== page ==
Yesterday the DHS ICS-CERT published five new advisories for various Siemens control system products and updated their supplement to the NTP advisory. All six documents were based upon reports that Siemens issued yesterday.
NTP Supplement Update
This update reflects new information that Siemens released on the NTP Vulnerability reported in its RuggedCom ROX based devices; a new version of ROX 2 has been released that mitigates the vulnerability in those devices. Additionally Siemens reported that this vulnerability also affects their SINUMERIK controllers; an upgrade is available to mitigate the vulnerability in this product.
SPCanywhere Application Advisory
This advisory describes multiple vulnerabilities reported in the SPCanywhere mobile application. The vulnerabilities were originally reported by Karsten Sohr, Bernhard Berger, and Kai Hillmann from the TZI-Bremen, Kim Schlyter, Seyton Bradford, and Richard Warren from FortConsult, and Stefan Schuhmann. Siemens has produced a new mobile application (SPC Connect) that mitigates these vulnerabilities. There is no indication that the researchers have been given a chance to verify the efficacy of the fix in the new application.
The vulnerabilities include:
● Improper cross-boundary removal of sensitive data - CVE-2015-1597
● Storing passwords in recoverable format - CVE-2015-1598
● Authentication bypass using alternate path - CVE-2015-1599
ICS-CERT reports that some of these vulnerabilities could be remotely exploited by a relatively low skilled attacker while others might require more skill and/or local access. Siemens reports that the last two vulnerabilities require physical access while the other only requires a “privileged network position to be able to control network traffic”.
As far as I can tell this is the first time that ICS-CERT has issued an advisory for a mobile application. As more of these applications come into use for remote access to industrial control systems I expect that we will be seeing more of these advisories.
This advisory describes a DOS vulnerability in the Siemens SIMATIC S7-300 CPUs. The vulnerability was reported by Johannes Klick, Christian Pfahl, Martin Gebert, and Lucas Jacob from Freie Universität Berlin’s work team SCADACS. Siemens reports a mitigation technique to resolve this vulnerability. There is no indication that the researchers have verified the efficacy of this fix.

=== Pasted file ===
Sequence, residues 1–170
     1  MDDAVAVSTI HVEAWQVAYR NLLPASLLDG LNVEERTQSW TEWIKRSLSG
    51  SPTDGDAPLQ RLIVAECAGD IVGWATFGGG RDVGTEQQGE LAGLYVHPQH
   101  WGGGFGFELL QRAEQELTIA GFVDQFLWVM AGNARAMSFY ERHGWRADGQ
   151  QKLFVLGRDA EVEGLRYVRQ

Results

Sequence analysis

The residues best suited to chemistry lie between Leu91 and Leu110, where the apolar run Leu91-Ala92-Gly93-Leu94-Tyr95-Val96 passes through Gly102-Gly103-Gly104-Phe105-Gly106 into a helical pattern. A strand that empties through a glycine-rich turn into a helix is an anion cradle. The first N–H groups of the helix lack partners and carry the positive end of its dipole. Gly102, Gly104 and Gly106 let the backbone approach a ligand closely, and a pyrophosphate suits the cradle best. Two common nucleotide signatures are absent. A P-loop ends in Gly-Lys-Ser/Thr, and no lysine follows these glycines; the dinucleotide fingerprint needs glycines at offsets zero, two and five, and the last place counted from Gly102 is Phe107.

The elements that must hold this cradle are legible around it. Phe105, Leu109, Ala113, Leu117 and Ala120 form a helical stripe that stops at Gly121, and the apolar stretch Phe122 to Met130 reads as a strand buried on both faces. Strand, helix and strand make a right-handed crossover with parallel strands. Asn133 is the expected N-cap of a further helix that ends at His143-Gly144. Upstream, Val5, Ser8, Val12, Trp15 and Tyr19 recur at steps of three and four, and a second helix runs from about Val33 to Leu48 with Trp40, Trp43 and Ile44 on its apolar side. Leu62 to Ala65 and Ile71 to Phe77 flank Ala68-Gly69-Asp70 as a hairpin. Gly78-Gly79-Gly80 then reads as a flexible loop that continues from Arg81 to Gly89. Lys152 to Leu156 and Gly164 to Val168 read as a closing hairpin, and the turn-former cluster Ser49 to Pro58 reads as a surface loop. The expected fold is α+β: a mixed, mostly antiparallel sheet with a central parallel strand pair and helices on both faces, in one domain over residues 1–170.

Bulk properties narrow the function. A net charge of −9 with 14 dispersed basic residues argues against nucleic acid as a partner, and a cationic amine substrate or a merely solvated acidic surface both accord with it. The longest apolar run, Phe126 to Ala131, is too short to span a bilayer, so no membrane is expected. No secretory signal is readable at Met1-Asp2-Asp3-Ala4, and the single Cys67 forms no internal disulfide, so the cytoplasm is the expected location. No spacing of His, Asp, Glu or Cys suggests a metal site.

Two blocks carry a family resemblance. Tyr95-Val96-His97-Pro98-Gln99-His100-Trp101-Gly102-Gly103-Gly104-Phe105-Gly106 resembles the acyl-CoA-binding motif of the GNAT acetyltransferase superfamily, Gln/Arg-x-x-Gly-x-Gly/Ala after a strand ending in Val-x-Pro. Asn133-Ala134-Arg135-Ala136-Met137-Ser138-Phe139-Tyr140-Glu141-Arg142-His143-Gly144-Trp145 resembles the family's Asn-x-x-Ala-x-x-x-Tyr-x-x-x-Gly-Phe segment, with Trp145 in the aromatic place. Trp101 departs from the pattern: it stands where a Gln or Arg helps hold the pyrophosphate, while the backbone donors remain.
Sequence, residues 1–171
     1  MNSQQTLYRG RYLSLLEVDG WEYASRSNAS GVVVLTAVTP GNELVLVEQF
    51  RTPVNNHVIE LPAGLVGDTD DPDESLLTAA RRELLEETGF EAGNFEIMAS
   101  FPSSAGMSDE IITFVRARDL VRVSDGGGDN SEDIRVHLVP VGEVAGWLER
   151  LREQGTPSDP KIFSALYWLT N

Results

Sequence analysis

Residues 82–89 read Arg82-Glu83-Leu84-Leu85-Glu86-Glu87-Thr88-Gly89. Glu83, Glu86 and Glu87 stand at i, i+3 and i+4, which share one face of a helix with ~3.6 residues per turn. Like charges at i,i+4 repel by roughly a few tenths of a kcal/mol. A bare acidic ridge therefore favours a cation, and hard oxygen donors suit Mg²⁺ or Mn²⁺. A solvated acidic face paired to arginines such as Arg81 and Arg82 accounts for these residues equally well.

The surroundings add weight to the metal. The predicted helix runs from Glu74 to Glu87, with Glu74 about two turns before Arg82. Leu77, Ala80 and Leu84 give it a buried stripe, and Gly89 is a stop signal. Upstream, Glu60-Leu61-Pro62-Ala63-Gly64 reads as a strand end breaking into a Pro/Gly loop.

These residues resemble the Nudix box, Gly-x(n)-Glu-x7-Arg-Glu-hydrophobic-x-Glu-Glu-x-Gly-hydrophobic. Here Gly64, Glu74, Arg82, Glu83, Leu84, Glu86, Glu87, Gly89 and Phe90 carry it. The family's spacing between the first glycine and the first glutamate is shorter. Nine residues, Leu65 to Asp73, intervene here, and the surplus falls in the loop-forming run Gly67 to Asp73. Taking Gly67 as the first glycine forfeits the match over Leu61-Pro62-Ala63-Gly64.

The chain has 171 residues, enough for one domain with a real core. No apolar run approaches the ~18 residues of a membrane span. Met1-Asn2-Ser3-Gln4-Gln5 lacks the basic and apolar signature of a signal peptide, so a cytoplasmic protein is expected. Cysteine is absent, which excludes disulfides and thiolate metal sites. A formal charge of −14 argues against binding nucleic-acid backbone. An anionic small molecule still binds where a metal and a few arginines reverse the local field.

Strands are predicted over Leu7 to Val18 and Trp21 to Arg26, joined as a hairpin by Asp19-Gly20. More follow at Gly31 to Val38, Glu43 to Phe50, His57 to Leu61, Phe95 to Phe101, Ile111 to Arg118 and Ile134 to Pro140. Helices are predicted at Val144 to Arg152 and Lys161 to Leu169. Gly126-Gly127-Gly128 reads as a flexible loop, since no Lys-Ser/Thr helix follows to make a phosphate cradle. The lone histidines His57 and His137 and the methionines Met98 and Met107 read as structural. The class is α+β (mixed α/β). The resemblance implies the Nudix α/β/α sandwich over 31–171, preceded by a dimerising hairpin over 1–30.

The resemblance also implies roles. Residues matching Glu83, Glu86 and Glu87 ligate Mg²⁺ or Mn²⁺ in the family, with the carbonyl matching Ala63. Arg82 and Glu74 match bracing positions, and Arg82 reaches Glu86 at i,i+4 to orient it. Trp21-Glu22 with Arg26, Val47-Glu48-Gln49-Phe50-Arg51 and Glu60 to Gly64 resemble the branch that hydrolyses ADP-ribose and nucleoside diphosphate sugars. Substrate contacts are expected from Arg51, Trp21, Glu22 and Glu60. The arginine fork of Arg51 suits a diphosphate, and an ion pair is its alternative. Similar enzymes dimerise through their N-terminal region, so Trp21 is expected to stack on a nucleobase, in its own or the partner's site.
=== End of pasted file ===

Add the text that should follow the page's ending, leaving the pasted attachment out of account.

ICS-CERT reports that the vulnerability is remotely exploitable, but that an exploit would be difficult to craft. Siemens reports that, in addition to standard network protections, read/write protections should be applied to the system to mitigate the vulnerability. There is no mention by either ICS-CERT or Siemens of any intention to provide a more effective fix.
An interesting TWEET from Michael Toecker focuses on the mention of the role of Profibus in this vulnerability; he asks: “Who else uses the same Profibus stack?” Control systems use lots of different applications. When an application vulnerability affects one system the question is always going to be if the same vulnerability affects other systems. Researchers/hackers routinely use this type information to look for vulnerabilities in other systems.
SPC Controller Advisory
This advisory describes a DOS vulnerability in Siemens SPC Controllers (a hybrid physical intrusion detection and access control system). The vulnerability was reported by Davide Peruzzi of GoSecure!. Siemens has produced a firmware update that mitigates the vulnerability but there is no indication that Davide has been given an opportunity to verify the efficacy of the fix.
ICS-CERT reports that a relatively low skilled attacker could remotely exploit this vulnerability to effect a denial of service attack. Siemens reports that network access is required and that the web interface must be enabled.
This advisory describes a search path vulnerability in various SIMATIC products. The vulnerability was reported by Ivan Sanchez from WiseSecurity Team. Siemens has produced updates for most of the affected products, but there is no indication that Ivan has been afforded the opportunity to verify the efficacy of the fixes. Additional mitigation steps have been provided pending updates of the other products.
ICS-CERT reports that a moderately skilled attacker could exploit this vulnerability. They claim that the vulnerability is not remotely exploitable, but mention that arbitrary code from files on network shares could be executed based upon a social engineering attack; a classic remote exploit technique.
This advisory describes the Siemens systems affected by the GHOST vulnerability in the glibc library. Siemens is apparently self-reporting this vulnerability. Siemens has produced an update for one of the two systems affected. Additionally they report that a third system may be vulnerable depending on the installation configuration used; the default configuration is not affected.
ICS-CERT reports that a relatively low skilled attacker with local network access could exploit this vulnerability to effect a denial of service attack. ICS-CERT notes that there is no known Siemens specific exploit available for this vulnerability, but that there are publicly available exploits for other systems.